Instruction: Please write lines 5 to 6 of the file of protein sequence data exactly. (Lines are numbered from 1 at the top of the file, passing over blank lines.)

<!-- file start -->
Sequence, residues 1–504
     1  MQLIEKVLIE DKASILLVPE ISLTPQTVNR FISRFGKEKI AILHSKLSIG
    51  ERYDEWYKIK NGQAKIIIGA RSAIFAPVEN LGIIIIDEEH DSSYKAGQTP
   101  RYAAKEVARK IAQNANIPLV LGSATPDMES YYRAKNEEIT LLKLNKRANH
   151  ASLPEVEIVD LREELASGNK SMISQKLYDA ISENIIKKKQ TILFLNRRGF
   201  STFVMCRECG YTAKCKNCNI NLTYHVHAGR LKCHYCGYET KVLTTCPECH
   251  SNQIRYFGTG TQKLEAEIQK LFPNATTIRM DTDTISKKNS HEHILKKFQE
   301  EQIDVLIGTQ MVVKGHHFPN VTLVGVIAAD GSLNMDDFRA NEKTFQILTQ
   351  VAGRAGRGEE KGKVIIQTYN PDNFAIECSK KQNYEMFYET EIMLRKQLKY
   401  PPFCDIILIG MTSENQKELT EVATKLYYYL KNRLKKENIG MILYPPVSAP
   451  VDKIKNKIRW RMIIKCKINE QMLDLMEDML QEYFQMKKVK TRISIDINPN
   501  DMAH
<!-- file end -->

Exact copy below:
   151  ASLPEVEIVD LREELASGNK SMISQKLYDA ISENIIKKKQ TILFLNRRGF
   201  STFVMCRECG YTAKCKNCNI NLTYHVHAGR LKCHYCGYET KVLTTCPECH